For the second home game this season against the Cougars the T-birds let the opponent dictate the flow of the game. The result was predictable; a Prince George win, the same result as two weeks ago.
Seattle needs to find a way to get more shots on goal. Too many of their shots were blocked again. They need to improve their passing through the neutral zone and do a better job of puck possession once in the side the opposing team's blue line. Also, adopt a shoot first ask questions later attitude. And when they get a shot, please put the puck on net!
Good to have Colin Jacobs back in the lineup. He didn't look rusty after missing the first two and a half months of the season. I also liked what I saw from Connor Honey in his first game as a T-bird. He brings an aggressive offensive game to the table. Most importantly, he was not afraid to shoot the puck. The T-birds now have three 17 year old forwards on the roster (Hickman, Honey and Troock) who should be able to score at this level. With their young defensemen (Hauf and Theodore) they have something to build around, but if they want to find success this season they'll need more from a group of players struggling to score right now. Guys like Lockhart, Alos and Sanvido are struggling in that department. They all need to find away to fight out of their personal slumps.
All that said, I'm impressed with this young Prince George team. They battle for every puck and they work hard every shift. They earned this win and I have a feeling in the next season or two they'll be earning a lot of wins

Sunday, December 4, 2011

Wake Me Up Before You Go Go



What's the old line? If you don't have something nice to say, say nothing at all? Something along those lines. Well, following that rule I won't be penning much about the T-birds 7-1 loss Saturday night in Portland.
I will say I liked the way Justin Hickman responded to Steve Konowalchuk's "pep talk" at the bench after Portland had gone up by three goals. Hickman actually came out with a little fire in his belly on his next shift. Too bad it didn't wake the rest of the team up.

Konowalchuk is quoted as saying his team showed Portland too much respect and I'd agree with that assessment. At times it seems like they were standing around watching the game rather than participating.
And while Calvin Pickard didn't have his best game, he was good enough. He shouldn't have to bring his A++++++ game every night in order for this team to win. His teammates need to remember that they need to bring their A game each time out as well.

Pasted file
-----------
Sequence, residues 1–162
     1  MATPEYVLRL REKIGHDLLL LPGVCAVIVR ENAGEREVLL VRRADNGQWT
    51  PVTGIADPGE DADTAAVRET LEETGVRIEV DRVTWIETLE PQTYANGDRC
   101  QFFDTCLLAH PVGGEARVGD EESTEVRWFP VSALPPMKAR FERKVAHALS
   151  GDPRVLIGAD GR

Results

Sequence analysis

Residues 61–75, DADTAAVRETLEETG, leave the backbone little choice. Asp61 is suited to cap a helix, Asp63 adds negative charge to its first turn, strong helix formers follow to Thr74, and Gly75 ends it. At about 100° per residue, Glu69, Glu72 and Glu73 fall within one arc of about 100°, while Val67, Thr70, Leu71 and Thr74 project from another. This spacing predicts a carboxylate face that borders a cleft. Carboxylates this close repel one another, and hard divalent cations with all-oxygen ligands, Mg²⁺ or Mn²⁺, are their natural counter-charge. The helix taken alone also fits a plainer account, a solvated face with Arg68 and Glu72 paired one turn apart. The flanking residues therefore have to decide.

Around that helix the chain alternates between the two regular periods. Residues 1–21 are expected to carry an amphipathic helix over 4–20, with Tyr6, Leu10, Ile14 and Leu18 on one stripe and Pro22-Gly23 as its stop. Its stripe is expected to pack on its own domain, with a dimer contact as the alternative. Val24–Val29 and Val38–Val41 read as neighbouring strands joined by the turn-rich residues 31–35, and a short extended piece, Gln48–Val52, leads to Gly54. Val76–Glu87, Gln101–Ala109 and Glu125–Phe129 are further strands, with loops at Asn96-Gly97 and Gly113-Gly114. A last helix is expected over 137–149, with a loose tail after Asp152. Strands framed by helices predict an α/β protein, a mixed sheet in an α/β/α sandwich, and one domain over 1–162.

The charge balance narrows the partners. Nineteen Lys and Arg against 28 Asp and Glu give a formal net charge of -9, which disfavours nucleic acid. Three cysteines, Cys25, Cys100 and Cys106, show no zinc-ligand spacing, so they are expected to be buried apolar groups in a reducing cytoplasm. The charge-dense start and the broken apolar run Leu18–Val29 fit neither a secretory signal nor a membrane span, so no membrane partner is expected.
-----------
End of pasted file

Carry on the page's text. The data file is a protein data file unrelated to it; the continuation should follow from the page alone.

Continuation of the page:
Linesman Ryan Gibbons, the former T-bird player, had too be cringing inside to see his old team lose the way they did. Gibby did a very nice job. He has big feet though and I do remember on one occasion where his big boot got in the way of a puck. Other than that he looks to be a solid addition to the WHL officiating stable.

Okay, I've seen it all now...a wedding ceremony on the ice AFTER the game started. The couple was united at center ice while the Teddy Bears from the teddy bear toss were being collected off the ice.


Saturday, December 3, 2011

Home Cooking Burnt on the Stove



The T-birds saw their streak of earning at least one point in five straight home games snapped Friday night with a, 4-2, loss to Tri-City. In my opinion the streak should have been kept alive with at least a point earned if it had not been for a controversial 5-on-3 power play chance awarded to the Ams in the 2nd period. Tri-City would use that 5-on-3 opportunity to tie the game at one.
Still the T-birds could have overcome that had they again not failed to get to second chance scoring opportunities, or had they been better with their own power play or if they hadn't taken a penalty just seconds after they tied the game at 2-2 in the 3rd period. Their inability to get more than 12 shots on goal over the final 40 minutes was big too, especially after they had 13 shots on goal in the first period.

Seattle played well, just not well enough. They didn't have the same finishing effort they had Tuesday in the come-from-behind win over Swift Current. Still, considering they are missing one entire line (Rouse, Troock, Jacobs) they were the equal of the Americans for most of the game. It's a positive sign.
Loved the gritty effort all game of Sean Aschim. He's a hustle player and was rewarded for that with a two point night (1g, 1a)

Wednesday, November 30, 2011

The Late Show